The potential for the UK to leave the EU on 29 March 2019 without an agreement in place (“no deal”) on future trade and wider cooperation with the EU has become a realistic possibility. The Government has published a series of technical notices setting out the implications of this scenario for businesses and, in some cases, consumers and what contingency planning is taking place or needs to happen. These notices present a very stark picture of how exiting the EU with no deal could negatively affect consumers in multiple ways – increasing costs while decreasing both rights and choice.
Which? has analysed the government’s no deal notices to see what that scenario would mean for consumers. The main impacts are set out in the body of this report in relation to travel, food, consumer products, energy and consumer rights. We have also drawn on information provided by relevant businesses and trade associations. These show clearly that a no deal situation would have severe consequences for consumers, even if comprehensive contingency planning could be achieved in time.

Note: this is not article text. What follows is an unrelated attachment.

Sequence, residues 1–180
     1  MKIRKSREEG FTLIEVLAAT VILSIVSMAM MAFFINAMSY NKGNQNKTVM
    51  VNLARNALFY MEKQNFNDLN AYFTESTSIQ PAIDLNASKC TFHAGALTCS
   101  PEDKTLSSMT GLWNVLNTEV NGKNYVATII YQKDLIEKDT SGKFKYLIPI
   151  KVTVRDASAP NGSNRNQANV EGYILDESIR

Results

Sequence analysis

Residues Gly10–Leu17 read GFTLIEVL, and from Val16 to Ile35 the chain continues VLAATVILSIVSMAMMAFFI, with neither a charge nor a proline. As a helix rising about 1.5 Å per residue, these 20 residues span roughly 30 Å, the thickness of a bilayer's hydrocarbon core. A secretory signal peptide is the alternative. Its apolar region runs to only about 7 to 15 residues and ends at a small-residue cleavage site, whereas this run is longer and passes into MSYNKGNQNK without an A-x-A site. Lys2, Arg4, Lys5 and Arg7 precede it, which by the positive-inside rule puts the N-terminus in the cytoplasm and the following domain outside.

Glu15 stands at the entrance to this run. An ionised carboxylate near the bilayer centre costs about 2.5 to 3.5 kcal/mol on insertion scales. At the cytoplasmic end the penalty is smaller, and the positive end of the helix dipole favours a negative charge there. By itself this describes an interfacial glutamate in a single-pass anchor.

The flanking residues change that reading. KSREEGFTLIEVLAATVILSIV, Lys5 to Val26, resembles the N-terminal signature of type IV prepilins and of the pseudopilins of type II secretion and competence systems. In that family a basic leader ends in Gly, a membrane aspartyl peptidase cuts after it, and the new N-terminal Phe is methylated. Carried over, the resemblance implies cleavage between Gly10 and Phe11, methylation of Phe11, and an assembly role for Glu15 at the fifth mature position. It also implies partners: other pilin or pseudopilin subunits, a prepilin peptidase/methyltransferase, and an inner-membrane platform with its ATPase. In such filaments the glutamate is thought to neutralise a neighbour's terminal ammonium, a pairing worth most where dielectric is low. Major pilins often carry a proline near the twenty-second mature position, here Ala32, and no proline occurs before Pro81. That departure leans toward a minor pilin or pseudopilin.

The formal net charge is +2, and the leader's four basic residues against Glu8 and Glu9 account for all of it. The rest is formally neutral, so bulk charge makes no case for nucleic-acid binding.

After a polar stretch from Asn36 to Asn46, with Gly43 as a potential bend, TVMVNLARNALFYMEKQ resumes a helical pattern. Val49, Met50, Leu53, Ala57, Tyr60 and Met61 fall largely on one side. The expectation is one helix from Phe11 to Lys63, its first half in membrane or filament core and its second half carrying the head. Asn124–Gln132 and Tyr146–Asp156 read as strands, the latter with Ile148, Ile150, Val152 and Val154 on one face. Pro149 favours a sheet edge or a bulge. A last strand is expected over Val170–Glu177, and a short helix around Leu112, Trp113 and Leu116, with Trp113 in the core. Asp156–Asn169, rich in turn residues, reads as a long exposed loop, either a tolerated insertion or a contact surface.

Our four tests for a successful Brexit for consumers are whether it:
• Limits the potential for price rises and increases in the cost of living.
• Maintains or enhances the current high safety standards.
• Maintains or enhances consumer choice of a high-quality range of products and services.
• Supports consumers with a system that ensures their rights and access to redress.